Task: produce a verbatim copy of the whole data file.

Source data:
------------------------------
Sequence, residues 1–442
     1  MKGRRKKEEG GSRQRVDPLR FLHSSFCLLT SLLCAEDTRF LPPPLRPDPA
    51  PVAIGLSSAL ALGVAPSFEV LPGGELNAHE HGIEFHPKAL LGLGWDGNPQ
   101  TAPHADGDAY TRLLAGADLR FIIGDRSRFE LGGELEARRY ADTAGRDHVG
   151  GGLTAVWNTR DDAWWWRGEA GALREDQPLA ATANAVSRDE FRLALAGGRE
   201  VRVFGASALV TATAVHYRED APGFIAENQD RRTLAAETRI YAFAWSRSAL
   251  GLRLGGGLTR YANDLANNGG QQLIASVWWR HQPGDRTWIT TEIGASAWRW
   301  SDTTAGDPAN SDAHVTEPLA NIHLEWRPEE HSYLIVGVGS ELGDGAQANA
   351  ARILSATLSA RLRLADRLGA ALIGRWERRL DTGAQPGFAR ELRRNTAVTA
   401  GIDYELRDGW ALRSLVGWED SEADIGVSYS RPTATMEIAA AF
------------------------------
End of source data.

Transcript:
Sequence, residues 1–442
     1  MKGRRKKEEG GSRQRVDPLR FLHSSFCLLT SLLCAEDTRF LPPPLRPDPA
    51  PVAIGLSSAL ALGVAPSFEV LPGGELNAHE HGIEFHPKAL LGLGWDGNPQ
   101  TAPHADGDAY TRLLAGADLR FIIGDRSRFE LGGELEARRY ADTAGRDHVG
   151  GGLTAVWNTR DDAWWWRGEA GALREDQPLA ATANAVSRDE FRLALAGGRE
   201  VRVFGASALV TATAVHYRED APGFIAENQD RRTLAAETRI YAFAWSRSAL
   251  GLRLGGGLTR YANDLANNGG QQLIASVWWR HQPGDRTWIT TEIGASAWRW
   301  SDTTAGDPAN SDAHVTEPLA NIHLEWRPEE HSYLIVGVGS ELGDGAQANA
   351  ARILSATLSA RLRLADRLGA ALIGRWERRL DTGAQPGFAR ELRRNTAVTA
   401  GIDYELRDGW ALRSLVGWED SEADIGVSYS RPTATMEIAA AF